Australia was developed at breakneck pace from the point of invasion in Sydney out to the very Centre - the Outback. Perhaps it was because the invaders were English and Irish, peoples with no real food traditions and cultures with a history of repeated invasions themselves, that the plant food resources of our indigenous people were entirely ignored. In fact it took until the 1980s when I was able to research Aboriginal food resources and then commercialise them (see www.cherikoff.net/cherikoff/#who). Readers might have heard of Wattleseed which I developed in 1984 as a roasted seed from selected Acacia species and which is now used by those in the know, as a caffeine-free coffee substitute but it is more like a chai and appeals to tea drinkers than die-hard coffee addicts. It is often used as a flavoring in ice cream, breads, desserts and sauces where its roasted notes and coffee-chocolate-hazelnut characters are deliciously applied.

This spread of exploration was followed promptly by transport lines (often over the top of walking tracks of Aboriginal groups as they managed their lands and maximised their food supply). At the same time and often building the roads, railways and ports, immigrants from Italy and Greece poured into Australia bringing with them the beginnings of our coffee culture. Interestingly, out in the bush, on stations and rural towns, tea is still the beverage of choice and it's impossible to get a decent coffee west of an hour or two out from the city limits. Never ask for a cappuccino in an outback town unless you want a tea-like, dilute, instant coffee which would be nearly identical to the stuff I learnt to avoid in the US.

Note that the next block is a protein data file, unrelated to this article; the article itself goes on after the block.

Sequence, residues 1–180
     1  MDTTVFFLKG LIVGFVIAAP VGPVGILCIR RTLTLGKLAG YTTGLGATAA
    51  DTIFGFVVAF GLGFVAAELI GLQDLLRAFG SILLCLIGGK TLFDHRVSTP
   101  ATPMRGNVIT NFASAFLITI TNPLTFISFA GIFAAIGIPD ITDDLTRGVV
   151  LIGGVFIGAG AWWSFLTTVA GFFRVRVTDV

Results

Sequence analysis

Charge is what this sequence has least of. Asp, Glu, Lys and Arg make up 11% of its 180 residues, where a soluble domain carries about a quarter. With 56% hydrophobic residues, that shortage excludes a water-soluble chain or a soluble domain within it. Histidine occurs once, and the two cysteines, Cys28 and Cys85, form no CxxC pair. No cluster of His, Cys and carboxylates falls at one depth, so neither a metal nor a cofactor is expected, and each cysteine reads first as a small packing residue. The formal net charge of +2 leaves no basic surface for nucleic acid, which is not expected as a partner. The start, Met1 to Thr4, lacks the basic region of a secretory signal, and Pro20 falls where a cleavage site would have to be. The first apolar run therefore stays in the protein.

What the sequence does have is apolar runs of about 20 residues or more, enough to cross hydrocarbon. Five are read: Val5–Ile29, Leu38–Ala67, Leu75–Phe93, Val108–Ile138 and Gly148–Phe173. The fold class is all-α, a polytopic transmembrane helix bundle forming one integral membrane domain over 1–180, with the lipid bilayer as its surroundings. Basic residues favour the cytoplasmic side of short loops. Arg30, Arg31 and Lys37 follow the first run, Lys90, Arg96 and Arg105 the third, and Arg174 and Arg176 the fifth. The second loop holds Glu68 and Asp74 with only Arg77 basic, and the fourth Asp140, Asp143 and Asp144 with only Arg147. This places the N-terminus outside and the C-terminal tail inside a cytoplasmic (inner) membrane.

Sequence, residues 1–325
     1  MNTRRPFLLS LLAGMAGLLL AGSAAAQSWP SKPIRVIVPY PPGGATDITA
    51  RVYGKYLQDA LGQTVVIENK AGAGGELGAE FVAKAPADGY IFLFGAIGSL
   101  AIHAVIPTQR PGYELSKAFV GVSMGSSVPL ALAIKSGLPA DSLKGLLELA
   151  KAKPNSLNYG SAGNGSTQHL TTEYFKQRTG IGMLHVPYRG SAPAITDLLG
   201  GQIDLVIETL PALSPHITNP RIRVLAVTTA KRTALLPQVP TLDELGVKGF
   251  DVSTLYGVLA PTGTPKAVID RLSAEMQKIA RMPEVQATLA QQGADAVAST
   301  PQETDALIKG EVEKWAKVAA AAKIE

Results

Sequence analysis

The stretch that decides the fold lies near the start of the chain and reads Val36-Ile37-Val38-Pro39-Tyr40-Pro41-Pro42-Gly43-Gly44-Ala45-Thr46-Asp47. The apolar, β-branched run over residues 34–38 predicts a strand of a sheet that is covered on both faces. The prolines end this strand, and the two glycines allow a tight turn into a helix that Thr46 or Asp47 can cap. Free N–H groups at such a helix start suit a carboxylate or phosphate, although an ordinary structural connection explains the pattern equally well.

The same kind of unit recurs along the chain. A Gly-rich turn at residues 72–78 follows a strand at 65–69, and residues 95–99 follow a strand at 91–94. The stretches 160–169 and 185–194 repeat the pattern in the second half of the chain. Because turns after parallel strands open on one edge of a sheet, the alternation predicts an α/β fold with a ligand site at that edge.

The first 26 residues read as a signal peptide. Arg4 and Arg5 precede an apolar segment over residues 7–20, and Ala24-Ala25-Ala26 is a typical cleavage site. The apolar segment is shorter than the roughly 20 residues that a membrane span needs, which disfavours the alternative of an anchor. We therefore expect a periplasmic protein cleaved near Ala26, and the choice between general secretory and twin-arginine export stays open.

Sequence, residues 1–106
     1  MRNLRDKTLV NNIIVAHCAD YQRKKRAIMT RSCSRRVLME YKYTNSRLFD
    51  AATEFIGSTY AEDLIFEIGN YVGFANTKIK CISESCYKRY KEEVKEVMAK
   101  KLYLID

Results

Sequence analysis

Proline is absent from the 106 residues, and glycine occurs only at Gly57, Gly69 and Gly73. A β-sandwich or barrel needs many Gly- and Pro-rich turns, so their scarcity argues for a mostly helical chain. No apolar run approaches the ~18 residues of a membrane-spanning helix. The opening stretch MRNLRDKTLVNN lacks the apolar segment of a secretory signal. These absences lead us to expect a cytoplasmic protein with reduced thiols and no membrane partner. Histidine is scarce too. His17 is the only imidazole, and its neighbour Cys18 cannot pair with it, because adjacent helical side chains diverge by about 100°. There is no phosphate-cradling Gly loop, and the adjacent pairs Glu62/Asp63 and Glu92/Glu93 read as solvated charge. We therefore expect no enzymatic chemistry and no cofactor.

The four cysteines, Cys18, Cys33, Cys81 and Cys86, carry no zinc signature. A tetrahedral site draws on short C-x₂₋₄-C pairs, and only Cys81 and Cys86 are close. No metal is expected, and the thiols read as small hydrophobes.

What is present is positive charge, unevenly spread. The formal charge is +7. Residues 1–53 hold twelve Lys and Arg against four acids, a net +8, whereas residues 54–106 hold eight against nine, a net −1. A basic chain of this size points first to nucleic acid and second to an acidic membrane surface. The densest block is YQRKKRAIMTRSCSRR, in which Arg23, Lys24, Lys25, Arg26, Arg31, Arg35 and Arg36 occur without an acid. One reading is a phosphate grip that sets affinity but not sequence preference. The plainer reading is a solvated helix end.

And as for McD... Here in Australia we have McCafes with (almost) reasonable coffee made espresso style as the most popular corner of McDonald outlets. A double shot of the coffee they use is not too bad as a heart-starter on a long country drive although they only offer their regular stewed crap if you ask for the free cup on offer to drivers as part of our community Driver-Reviver program. C'est la vie! We live in hope that taste will prevail - eventually.

Introducing innovative Australian ingredients to creative chefs, cooks and foodies.

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There are roasteries and serious coffee places all over the US - heck, there's even a very good one in Asheville, North Carolina.  Surely you could've used that magical invention, the internet, to look some of 'em up?  :blink: